Recently, right-wing mouthpiece, Paul Joseph Watson, passed on the following quote on Twitter from a Breitbart article:
“Christians are by far the most persecuted religious group in the world, with some 90,000 Christians killed for their faith in 2016 alone, while as many as 600 million were prevented from practising their faith.”
This seemed a high number of deaths, I followed the paper-trail (well, pixel-trail) through the Breitbart article and back to the original research by the US-based Center for the Study of Global Christianity (CSGC) at Gordon-Conwell Seminary.
This organisation’s methodology is freely available and it doesn’t take long to figure out the problem with their statistical analysis. They’ve decided to count every Christian killed for whatever reason by another human being as a “Christian martyr” (their term).
So if a Christian Rwandan Hutu kills a Christian Rwandan Tutsi, they go into the statistics. If a Christian is killed for whatever reason in the wars in the Democratic Republic of the Congo they too count. Using the same methodology every Christian killed in World War Two would have been a “Christian martyr”.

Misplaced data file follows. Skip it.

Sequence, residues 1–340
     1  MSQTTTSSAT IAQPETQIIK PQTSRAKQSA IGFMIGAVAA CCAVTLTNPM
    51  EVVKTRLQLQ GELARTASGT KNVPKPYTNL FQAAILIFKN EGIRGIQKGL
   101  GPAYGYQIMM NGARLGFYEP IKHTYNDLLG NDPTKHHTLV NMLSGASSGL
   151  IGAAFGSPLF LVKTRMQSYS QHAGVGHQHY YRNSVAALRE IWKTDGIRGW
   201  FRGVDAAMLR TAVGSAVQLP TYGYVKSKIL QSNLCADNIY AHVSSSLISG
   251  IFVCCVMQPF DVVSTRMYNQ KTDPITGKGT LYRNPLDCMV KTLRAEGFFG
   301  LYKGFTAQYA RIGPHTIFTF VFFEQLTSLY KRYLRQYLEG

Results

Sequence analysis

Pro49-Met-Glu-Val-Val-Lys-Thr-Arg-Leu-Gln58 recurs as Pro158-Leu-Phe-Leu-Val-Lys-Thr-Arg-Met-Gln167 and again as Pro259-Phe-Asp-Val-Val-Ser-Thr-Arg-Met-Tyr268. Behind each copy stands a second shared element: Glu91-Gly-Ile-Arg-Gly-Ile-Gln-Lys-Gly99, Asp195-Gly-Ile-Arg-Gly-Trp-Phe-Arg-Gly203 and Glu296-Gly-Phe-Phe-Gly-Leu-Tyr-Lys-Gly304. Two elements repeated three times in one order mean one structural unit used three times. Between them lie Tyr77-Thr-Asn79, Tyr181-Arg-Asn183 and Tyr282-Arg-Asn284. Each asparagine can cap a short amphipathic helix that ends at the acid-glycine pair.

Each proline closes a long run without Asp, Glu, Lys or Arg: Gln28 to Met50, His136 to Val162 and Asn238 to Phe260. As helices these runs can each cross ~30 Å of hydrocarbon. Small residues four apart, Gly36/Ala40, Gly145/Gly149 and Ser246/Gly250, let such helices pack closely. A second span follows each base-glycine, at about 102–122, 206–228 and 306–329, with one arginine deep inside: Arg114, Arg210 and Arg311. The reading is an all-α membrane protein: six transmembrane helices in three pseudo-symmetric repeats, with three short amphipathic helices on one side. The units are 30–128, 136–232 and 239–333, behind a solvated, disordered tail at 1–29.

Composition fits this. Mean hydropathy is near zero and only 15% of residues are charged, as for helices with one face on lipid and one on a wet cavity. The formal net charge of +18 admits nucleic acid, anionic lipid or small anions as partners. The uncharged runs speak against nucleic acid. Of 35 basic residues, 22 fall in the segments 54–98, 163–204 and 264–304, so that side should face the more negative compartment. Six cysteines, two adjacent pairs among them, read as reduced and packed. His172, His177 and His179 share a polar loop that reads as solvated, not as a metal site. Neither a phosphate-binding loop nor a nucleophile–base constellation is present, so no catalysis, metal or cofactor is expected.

I think this is ridiculous and feel any fair-minded person would agree. The Christian-based Open Doors organisation certainly do. Their director of research recently told the BBC the following: there was “a lot of exaggeration” of figures relating to the persecution of Christians, and his team’s research showed that the number of Christians known to have been killed “for faith-related reasons” between 1 November 2015 and 31 October 2016 was less than two per cent of CSGC’s figure: 1,207.
Obviously every killing of anyone for their faith (or lack of it) is one too many and should be stopped. But the creation and quoting of these false statistics is also wholly wrong. It seems to me it’s a ploy by the Christian right to keep their unquestioning flock frightened and ready for actions that the real figures do not require.